Juan-Andres Leon is the Curator of Physics at the Science Museum in London. He is involved in collections development, exhibitions, and research around physics-related objects from the 17th century to the present. Juan-Andres Leon faces daily challenges to fit in museum collections and exhibitions from the largest-scale instrumentation of nuclear and particle physics, to the material culture of highly theoretical research. He aims to cover aspects of a scientific practice from the esoteric to the mundane, while connecting them with their sociopolitical context.
At the MPIWG, Juan-Andres Leon works as a visiting scholar of the group “Historical Epistemology of the Final Theory Program." He is currently researching Stephen Hawking’s role among the generation of theoreticians attempting to unify general relativity and quantum theory, ultimately tackling how to best understand (and convey to museum audiences) the “post-empirical” physics of the past generation.
Juan-Andres Leon studied physics and history before completing his PhD in the history of science (Harvard University, 2014) with a dissertation titled “Citizens of the Chemical Complex,” in which he explored the world of science philanthropy in Imperial and Weimar Germany and its impact in the applied sciences, physics, mathematics, and astronomy.
Juan-Andres Leon has been collaborating with the Max Planck Institute for the History of Science since 2015.
At the Research Program "History of the Max Planck Society" (GMPG), together with Luisa Bonolis and Roberto Lalli, he was in charge of research on the history of astrophysics and space exploration. This resulted in several workshops and publications including the book Astrophysics, Astronomy and Space Sciences in the History of the Max Planck Society (Brill, 2022).
Between 2019 and 2021, Juan-Andres Leon also collaborated with the Department I group “Knowledge in and of the Anthropocene,” with a particular interest in pointing out the methodological and conceptual origins of the Anthropocene in the ‘cosmochemistry’ of the nuclear and early space ages.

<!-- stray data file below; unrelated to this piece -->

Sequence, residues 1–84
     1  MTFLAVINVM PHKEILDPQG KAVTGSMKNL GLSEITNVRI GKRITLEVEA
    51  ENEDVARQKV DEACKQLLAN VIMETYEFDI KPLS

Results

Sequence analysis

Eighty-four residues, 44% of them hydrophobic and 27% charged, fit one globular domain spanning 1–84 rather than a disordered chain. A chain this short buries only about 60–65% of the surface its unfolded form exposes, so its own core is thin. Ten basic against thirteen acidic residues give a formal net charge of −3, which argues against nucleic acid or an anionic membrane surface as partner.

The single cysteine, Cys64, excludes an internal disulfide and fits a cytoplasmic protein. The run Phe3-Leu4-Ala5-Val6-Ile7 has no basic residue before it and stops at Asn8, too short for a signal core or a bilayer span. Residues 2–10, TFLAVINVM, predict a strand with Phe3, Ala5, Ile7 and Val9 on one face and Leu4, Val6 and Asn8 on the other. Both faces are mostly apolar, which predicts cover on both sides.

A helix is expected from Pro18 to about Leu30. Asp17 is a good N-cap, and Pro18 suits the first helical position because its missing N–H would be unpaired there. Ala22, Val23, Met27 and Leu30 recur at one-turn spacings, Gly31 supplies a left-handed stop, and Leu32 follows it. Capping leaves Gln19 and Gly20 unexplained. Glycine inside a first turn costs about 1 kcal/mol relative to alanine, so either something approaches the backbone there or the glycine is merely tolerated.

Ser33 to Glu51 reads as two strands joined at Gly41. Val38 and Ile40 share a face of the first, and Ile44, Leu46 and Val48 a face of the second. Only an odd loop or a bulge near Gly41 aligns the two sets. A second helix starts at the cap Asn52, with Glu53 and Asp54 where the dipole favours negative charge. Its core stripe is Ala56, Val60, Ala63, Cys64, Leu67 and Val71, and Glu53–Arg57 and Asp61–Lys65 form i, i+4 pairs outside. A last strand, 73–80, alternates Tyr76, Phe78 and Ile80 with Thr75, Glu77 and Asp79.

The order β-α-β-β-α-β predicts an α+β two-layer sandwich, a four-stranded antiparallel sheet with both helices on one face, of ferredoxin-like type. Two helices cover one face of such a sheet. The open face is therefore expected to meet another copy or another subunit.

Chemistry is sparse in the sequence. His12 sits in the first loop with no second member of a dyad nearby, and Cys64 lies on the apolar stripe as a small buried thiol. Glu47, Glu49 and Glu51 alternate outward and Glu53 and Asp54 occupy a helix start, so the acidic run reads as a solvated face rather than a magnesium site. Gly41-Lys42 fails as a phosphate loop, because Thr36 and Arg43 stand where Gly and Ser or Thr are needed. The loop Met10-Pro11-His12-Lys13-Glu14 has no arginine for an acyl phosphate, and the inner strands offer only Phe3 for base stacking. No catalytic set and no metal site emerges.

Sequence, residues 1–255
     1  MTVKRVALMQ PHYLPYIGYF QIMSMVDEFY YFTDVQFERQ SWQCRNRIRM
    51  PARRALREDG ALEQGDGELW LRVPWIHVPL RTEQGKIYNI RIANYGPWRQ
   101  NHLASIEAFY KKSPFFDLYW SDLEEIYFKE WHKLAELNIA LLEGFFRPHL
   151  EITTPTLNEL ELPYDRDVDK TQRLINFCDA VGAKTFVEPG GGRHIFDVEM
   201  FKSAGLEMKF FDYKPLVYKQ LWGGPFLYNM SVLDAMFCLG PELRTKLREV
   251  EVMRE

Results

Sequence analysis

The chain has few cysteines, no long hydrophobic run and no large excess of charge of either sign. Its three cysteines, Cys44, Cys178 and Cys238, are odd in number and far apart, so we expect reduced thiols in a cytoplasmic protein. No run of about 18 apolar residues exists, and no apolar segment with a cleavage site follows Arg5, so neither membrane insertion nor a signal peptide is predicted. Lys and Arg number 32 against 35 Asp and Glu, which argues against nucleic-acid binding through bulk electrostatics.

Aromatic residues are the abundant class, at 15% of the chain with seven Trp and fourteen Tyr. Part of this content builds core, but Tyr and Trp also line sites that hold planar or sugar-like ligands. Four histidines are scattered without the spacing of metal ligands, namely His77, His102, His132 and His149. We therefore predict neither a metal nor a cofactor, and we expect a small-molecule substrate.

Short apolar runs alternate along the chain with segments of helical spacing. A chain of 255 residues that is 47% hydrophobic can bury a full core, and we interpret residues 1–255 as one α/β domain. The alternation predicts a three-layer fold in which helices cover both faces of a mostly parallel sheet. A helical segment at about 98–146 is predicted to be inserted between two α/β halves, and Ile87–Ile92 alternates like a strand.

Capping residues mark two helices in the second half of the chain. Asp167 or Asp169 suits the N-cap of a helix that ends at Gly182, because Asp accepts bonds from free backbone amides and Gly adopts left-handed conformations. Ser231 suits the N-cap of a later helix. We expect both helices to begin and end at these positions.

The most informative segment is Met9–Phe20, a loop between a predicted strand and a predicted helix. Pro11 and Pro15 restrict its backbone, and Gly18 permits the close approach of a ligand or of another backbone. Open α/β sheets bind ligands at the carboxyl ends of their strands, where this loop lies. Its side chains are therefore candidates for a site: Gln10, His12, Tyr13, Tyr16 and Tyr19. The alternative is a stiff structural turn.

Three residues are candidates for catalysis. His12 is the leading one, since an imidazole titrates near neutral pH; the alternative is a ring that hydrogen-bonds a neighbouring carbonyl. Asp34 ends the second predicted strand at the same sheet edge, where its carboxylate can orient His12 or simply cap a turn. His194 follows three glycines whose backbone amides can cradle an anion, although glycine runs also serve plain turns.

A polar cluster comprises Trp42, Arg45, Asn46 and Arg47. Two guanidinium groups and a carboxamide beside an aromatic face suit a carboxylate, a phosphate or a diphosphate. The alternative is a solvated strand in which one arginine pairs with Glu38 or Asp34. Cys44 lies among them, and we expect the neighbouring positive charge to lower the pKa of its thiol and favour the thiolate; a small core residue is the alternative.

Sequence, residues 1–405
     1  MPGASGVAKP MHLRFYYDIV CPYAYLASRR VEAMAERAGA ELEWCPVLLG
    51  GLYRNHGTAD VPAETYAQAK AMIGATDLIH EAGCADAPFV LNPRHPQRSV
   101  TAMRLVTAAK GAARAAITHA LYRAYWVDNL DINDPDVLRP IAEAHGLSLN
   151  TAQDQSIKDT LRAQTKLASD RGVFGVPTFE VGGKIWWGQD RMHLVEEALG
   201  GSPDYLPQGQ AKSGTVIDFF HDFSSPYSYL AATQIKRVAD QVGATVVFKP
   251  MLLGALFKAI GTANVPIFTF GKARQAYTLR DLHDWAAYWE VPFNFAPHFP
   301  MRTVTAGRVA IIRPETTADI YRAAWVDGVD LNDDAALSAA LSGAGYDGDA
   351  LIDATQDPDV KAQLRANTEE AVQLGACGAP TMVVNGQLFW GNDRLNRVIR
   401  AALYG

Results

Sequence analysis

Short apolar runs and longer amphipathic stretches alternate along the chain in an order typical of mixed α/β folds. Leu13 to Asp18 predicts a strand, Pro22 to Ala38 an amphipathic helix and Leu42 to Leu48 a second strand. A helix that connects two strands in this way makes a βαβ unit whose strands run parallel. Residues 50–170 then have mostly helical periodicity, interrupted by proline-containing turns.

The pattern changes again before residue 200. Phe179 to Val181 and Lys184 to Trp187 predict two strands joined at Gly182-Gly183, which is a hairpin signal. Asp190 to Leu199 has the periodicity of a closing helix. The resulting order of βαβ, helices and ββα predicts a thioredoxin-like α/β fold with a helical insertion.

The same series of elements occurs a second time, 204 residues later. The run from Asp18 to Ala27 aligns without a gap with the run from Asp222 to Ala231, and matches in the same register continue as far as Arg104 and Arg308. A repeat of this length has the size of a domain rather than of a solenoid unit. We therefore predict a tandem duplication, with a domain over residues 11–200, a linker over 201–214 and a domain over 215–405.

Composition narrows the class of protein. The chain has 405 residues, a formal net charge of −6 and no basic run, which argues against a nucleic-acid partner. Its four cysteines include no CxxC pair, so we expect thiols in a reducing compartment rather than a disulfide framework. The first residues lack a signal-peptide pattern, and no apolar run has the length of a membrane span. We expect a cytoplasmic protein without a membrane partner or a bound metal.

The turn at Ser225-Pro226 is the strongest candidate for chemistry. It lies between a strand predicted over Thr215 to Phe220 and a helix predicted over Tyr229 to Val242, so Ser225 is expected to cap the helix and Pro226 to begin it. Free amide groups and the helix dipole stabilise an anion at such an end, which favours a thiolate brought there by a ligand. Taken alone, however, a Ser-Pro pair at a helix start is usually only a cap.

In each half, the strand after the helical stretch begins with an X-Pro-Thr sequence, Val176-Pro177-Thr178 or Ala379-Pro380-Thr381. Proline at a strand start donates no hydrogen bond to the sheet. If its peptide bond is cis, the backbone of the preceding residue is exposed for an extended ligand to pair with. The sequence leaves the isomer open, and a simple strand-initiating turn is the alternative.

Parallel to his academic trajectory, Juan-Andres pursued a museum career that focused on modern scientific instrumentation and computing, at Harvard University’s Collection of Historical Scientific Instruments (2009-2014) and the Science History Institute (2013-2015) – then called the Chemical Heritage Foundation.
Since 2020, Juan-Andres has been based in the United Kingdom, where he became curator at the Science Museum in 2021.
Bonolis, Luisa and Juan Andres León Gómez (2024). “Astronomie, Astrophysik und die Erforschung des Weltraums.” In Die Max-Planck-Gesellschaft: Wissenschafts- und Zeitgeschichte 1945–2005, ed. J. Renn, C. Reinhardt, J. Kocka, F. Schmaltz, B. Kolboske…Read More
Bonolis, Luisa and Juan Andres León Gómez (2023). Astrophysics, Astronomy and Space Sciences in the History of the Max Planck Society. History of Modern Science 4. Leiden: Brill. https://doi.org/10.1163/9789004529137.Read More
Bonolis, Luisa and Juan Andres León Gómez (2021). “Thinking Big: How Large-scale Detectors Set the Stage for the Emergence of Astro-particle Physics. A Short Survey.” In Atti del XL Convegno annuale: Proceedings of the 40th Annual Conference, 8-10…Read More
Bonolis, Luisa and Juan Andres León Gómez (2020). “Gravitational-Wave Research as an Emerging Field in the Max Planck Society: The Long Roots of GEO600 and of the Albert Einstein Institute.” In The Renaissance of General Relativity in Context, ed. A…Read More